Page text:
Assignment Date due
Administrivia (not graded) 2/11
Homework 1 2/23
Homework 2 3/09 3/23
Homework 3 3/30
Project proposal 4/13
Homework 4 4/13
Final Project 5/04

Assignment policies

Handing in

Written exercises must be handed in as hard copy in Sean Gerrish's mailbox (floor 2, just outside the tea room, in the Computer Science building).


Homeworks are graded largely on getting the right answer or getting the program to work. Homeworks also contain more “free form” questions asking for exploration and experimentation. These questions will be graded more subjectively (as in the humanities). Ideal answers are thoughtful, perceptive, critical, clear, and concise.

Late days

All assignments are due at 11:59pm on the due date.

Each student will be allotted seven free days which can be used to turn in homework assignments late without penalty. For instance, you might choose to turn in the first homework two days late, and the third homework three days late. Once your free days are used up, late homeworks will be penalized 20% per day. For instance, a homework turned in two days late will receive only 60% credit. A weekend, that is, Saturday and Sunday together, count as a single late “day”. For instance, a homework that is due on Friday but turned in on Monday would be considered two days late, rather than three.

Homeworks may not be accepted for credit more than five days past the deadline, whether or not free days are being used. Even so, all homeworks must be credibly completed and turned in, even if this limit has passed. Failure to do so may result in a final grade of D or F, regardless of performance on other components of the course.

The final project cannot be turned in late, nor can written material be turned in beyond “Dean's Date” without a dean's permission.

Exceptions to these rules will of course be made for serious illness or other genuine emergency circumstances, and free late days should not be used for these purposes; in these cases, please contact a professor as soon as you are aware of the problem.

If you are turning in a late homework after hours when no one is around to accept it, please indicate at the top that it is late, and clearly mark the day and time when it was turned in. Failure to do so may result in the TA considering the homework to be submitted at the time when it was picked up (which might be many hours, or even a day or two after when you actually submitted it).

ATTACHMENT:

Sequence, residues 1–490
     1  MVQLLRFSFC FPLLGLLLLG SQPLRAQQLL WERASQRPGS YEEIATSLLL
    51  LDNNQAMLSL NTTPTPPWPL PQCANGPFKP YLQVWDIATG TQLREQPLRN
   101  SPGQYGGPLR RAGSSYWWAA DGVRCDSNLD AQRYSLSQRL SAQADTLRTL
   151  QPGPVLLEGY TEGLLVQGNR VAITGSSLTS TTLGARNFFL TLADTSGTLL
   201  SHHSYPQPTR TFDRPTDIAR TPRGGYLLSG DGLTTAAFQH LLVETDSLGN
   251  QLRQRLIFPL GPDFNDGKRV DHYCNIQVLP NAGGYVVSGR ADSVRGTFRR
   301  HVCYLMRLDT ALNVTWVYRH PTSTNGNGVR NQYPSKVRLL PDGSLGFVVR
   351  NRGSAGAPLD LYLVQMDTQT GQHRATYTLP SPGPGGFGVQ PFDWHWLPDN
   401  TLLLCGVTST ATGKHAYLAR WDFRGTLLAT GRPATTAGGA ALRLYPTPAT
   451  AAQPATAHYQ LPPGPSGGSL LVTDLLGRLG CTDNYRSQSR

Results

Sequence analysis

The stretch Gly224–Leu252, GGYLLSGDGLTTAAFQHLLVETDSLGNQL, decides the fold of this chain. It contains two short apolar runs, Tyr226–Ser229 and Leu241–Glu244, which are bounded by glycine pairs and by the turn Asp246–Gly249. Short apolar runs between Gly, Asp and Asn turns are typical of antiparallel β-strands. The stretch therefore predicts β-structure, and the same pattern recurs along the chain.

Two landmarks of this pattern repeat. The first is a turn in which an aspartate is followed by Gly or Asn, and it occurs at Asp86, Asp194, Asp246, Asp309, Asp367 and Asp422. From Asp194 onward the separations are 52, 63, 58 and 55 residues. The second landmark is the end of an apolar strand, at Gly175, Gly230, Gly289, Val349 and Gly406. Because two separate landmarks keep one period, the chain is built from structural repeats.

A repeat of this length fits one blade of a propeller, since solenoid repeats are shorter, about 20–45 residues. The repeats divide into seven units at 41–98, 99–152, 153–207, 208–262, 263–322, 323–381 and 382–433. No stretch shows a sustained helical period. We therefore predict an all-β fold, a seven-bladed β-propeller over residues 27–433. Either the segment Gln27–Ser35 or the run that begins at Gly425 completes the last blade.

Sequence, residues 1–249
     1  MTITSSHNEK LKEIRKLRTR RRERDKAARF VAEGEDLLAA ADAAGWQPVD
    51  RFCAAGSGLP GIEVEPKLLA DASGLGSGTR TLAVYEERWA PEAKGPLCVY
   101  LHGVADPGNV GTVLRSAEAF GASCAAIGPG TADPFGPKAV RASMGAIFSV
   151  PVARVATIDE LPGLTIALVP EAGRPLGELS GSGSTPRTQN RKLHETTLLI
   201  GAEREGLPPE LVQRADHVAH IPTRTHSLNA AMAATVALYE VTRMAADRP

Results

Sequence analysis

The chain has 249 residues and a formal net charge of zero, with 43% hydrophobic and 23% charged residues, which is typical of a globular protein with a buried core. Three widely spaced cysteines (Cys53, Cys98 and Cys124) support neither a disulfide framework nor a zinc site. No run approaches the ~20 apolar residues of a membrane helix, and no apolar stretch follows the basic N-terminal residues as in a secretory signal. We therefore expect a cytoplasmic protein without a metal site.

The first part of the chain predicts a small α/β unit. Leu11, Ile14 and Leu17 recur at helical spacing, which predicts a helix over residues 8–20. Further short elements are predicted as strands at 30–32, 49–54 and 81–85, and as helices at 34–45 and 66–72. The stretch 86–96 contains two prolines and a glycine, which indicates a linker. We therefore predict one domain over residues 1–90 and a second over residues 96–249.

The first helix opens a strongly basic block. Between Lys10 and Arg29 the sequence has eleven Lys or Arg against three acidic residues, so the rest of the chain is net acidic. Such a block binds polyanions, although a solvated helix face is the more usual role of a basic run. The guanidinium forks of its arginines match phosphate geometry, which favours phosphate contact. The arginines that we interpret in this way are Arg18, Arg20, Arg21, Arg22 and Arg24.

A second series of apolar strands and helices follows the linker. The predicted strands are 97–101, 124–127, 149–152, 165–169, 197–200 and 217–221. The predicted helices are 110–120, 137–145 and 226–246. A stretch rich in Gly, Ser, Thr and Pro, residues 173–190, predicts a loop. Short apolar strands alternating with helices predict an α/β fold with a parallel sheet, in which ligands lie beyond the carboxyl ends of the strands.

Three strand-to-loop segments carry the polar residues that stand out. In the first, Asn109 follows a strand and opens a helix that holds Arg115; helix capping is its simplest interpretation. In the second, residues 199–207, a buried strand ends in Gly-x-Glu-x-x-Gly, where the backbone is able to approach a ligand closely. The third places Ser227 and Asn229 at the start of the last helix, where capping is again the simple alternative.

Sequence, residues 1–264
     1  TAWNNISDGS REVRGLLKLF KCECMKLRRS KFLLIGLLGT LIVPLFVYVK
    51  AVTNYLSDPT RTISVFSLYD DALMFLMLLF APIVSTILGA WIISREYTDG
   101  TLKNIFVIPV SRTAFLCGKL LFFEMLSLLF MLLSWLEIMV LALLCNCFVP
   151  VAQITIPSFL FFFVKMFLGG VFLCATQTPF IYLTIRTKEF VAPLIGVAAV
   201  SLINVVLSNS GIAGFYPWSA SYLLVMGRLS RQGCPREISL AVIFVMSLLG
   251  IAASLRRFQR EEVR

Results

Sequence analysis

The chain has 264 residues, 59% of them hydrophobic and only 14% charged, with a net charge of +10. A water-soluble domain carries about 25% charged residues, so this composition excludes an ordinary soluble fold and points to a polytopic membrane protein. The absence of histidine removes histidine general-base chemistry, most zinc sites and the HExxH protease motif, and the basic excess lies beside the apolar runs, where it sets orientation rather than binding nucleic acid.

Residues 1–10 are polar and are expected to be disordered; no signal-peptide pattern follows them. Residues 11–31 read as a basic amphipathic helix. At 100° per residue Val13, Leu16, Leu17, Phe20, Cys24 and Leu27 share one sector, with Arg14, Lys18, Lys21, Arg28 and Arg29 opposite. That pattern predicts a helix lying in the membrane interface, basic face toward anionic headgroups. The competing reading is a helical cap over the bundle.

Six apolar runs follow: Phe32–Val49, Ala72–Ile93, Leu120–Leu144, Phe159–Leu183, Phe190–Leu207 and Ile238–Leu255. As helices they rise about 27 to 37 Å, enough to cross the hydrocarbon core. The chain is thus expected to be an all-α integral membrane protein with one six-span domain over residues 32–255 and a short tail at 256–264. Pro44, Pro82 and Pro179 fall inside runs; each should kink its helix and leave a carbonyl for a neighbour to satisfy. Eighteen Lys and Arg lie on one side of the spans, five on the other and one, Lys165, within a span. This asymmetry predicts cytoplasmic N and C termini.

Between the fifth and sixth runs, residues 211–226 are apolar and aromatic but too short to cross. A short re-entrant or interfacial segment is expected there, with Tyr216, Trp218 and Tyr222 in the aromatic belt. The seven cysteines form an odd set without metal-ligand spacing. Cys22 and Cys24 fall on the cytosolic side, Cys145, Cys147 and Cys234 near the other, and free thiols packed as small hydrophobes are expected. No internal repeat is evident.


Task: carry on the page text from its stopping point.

The collaboration policy for this course is based on the overarching objective of maximizing your educational experience, that is, what you gain in knowledge, understanding and the ability to solve problems. Obviously, you do not learn anything by copying someone else's solution. On the other hand, forbidding any and all discussion of course material may deprive you of the opportunity to learn from fellow students. The middle ground between these two extremes also needs to be defined with this basic principle in mind. Before working with another student, you should ask yourself if you would gain more or less by working together or individually, and then act accordingly. Here are some specific guidelines based on this principle:

  • You are certainly free (and encouraged) to talk to others about the material in this course, or for general help with software, etc.
  • Before working with someone else, you should first spend a substantial amount of time trying to arrive at a solution by yourself. Easier problems, including many or most of the written exercises, should be solved individually from start to finish.
  • Discussing harder problems or programming assignments with fellow students is allowed to the extent that it leads all participants to a better understanding of the problem and the material. Following such discussions, you should only take away your understanding of the problem; you should not take notes, particularly on anything that might have been written down. This is meant to ensure that you understand the discussion well enough to reproduce its conclusions on your own. You should also note on your solution who you worked with.
  • Needless to say, simply telling the solution to someone else is prohibited, as is showing someone a written solution or a portion of your code. Comparing code or solutions also is not generally permitted. However, comparing and discussing the results of experiments is okay if done in the spirit of the guidelines above.
  • All writing and programming must be done strictly on your own. Copying of any sort is not allowed. Unless instructed otherwise, you may not use code or solutions taken from any student, from the web, from prior year solutions, or from any other source.
assignments.txt · Last modified: 2010/04/19 21:35 by sgerrish
Recent changes RSS feed Creative Commons License DjVu Enabled Powered by PHP Valid XHTML 1.0 Valid CSS Driven by DokuWiki